Simplify Conditional Expression

Have you ever wished you could easily read or convert to a verbatim string? Now you have a refactoring at your fingertips to convert between regular string and verbatim string literals. Place your caret on either the regular string or the verbatim string literal. Press (Ctrl+.) to trigger the Quick Actions and Refactorings menu. Next, select from one of the following:

Select Convert to verbatim string:

Convert To Verbatim String

Select Convert to regular string:

Convert To Regular String

The add debugger display attribute refactoring allows you to pin properties within the debugger programmatically in your code. Place your caret on the class name. Press (Ctrl+.) to trigger the Quick Actions and Refactorings menu and select Add ‘DebuggerDisplay’ attribute. This will add the debugger display attribute to the top of your class and generate an auto method that returns ToString(), which you can edit to return the property value you want pinned in the debugger.

Add Debugger Display Attribute

The generate comparison operators refactoring generates a boilerplate code with comparison operators for types that implement IComparable. Place your caret either inside the class or on IComparable. Press (Ctrl+.) to trigger the Quick Actions and Refactorings menu and select Generate comparison operators.

Generate Comparison Operators

The generate IEquatable operators refactoring automatically adds the IEquatable as well as the equals and not equals operators for structs. Place your caret within the struct. Press (Ctrl+.) to trigger the Quick Actions and Refactorings menu and select Generate Equals(object).

Generate IEquatable Operators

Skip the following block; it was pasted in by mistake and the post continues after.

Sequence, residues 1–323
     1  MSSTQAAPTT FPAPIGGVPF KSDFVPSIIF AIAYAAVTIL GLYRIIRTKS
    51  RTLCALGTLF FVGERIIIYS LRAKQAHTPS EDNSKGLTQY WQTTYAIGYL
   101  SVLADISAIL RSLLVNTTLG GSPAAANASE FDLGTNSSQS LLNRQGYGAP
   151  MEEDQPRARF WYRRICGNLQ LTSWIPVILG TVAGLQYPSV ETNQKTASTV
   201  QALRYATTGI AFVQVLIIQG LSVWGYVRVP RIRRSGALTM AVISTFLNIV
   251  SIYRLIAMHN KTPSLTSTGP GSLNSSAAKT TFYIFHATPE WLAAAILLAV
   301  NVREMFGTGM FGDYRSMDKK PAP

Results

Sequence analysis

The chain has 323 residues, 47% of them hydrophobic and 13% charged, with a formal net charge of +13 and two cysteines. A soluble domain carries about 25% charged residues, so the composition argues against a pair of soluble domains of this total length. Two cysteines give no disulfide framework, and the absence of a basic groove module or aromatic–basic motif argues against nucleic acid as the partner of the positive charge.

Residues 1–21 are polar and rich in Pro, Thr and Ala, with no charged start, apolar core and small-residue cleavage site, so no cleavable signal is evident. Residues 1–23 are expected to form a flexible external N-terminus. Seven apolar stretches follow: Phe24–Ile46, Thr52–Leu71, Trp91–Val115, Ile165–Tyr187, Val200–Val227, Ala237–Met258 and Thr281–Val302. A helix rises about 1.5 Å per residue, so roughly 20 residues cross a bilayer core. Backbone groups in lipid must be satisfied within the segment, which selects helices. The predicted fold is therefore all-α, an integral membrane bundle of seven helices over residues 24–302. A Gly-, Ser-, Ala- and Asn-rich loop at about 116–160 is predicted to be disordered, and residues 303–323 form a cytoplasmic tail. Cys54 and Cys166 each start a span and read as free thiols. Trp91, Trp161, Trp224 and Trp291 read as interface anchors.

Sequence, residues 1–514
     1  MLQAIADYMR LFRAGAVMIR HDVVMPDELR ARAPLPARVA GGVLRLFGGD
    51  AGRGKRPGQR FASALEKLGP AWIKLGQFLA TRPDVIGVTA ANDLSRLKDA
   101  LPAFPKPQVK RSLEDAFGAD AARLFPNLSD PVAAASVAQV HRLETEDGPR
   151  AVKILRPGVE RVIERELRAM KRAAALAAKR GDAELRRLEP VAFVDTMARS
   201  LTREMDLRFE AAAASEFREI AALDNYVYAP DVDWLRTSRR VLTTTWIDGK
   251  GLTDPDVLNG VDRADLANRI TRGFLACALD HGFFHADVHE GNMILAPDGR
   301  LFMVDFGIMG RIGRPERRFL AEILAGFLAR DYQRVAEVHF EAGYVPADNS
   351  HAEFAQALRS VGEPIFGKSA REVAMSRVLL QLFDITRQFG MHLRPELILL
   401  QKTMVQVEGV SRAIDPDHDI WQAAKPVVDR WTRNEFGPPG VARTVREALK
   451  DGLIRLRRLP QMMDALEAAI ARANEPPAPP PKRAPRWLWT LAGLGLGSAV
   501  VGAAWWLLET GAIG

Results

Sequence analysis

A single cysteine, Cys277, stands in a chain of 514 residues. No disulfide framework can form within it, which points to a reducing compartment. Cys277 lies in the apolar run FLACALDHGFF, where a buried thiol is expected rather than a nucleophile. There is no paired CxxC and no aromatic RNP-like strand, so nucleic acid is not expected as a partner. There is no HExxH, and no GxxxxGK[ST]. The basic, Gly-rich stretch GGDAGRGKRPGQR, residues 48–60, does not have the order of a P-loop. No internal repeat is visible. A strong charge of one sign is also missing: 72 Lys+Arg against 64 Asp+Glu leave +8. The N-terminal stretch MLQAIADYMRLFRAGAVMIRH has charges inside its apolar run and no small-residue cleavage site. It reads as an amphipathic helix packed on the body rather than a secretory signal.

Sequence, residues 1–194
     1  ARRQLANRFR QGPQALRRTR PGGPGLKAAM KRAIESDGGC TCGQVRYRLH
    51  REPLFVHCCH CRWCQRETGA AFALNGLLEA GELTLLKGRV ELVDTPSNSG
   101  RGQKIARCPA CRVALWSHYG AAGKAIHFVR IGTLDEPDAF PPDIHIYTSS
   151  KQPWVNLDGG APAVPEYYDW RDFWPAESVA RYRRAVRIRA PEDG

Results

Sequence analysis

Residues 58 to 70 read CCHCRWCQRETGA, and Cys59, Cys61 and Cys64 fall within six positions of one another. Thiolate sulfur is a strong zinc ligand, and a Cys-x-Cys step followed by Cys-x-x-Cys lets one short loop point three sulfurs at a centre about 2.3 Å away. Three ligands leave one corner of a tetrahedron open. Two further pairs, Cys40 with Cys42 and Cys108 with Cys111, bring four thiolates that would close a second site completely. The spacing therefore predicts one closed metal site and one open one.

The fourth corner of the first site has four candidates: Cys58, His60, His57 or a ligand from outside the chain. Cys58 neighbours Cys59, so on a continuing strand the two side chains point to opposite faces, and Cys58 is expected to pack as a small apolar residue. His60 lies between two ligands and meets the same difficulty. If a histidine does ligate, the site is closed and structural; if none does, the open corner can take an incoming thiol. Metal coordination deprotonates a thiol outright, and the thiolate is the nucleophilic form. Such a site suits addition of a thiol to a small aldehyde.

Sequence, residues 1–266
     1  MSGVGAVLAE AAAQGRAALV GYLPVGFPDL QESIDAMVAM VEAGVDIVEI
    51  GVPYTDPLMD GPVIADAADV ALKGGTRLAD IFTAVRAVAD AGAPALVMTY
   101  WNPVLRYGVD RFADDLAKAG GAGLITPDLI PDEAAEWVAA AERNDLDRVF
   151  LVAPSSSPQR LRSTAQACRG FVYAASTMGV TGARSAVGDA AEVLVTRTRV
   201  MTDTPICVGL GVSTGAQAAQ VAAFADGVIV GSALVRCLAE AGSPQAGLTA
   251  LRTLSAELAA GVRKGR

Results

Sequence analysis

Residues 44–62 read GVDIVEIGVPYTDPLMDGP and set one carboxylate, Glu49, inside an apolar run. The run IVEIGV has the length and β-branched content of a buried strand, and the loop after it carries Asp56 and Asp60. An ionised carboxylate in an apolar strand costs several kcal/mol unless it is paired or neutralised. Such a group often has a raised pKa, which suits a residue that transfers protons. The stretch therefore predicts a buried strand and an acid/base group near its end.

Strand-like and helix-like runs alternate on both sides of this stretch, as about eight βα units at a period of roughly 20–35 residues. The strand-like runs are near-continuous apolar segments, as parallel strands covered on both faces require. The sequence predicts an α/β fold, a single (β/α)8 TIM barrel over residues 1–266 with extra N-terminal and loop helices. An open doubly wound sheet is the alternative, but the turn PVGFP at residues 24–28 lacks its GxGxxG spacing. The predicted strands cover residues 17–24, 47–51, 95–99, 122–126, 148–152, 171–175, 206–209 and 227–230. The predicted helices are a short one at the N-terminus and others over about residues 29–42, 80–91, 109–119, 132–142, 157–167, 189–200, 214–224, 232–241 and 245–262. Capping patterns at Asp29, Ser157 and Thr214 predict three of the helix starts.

The generate properties when generating a constructor allows you to easily create a constructor with properties in a type. Place your caret on the instance. Press (Ctrl+.) to trigger the Quick Actions and Refactorings menu and select Select Generate constructor in <QualifiedName> (with properties).

Generate Properties With Constructor

There’s now an easy fix for accidental assignments and comparisons. Place your caret on the warning. Press (Ctrl+.) to trigger the Quick Actions and Refactorings menu. Next, select from one of the following options:

For accidental assignments, select Assign to ‘<QualifiedName>.value’:

Accidental Assignments

For accidental comparisons, select Compare to ‘<QualifiedName>.value’:

Accidental Comparison

The null suppression operator warning and code fix helps you to easily identify and fix a suppression operator that has no effect. For example, in this case someone wanted to express that something isn’t `string` and typed `!is string` instead of `is not string`. The `!` is legal but is interpreted as asserting the expression on the left as is not `null`. Since that can be confusing, we now offer a warning and code fix. Place your caret on the suppression operator. Press (Ctrl+.) to trigger the Quick Actions and Refactorings menu. Next, select from one of the following: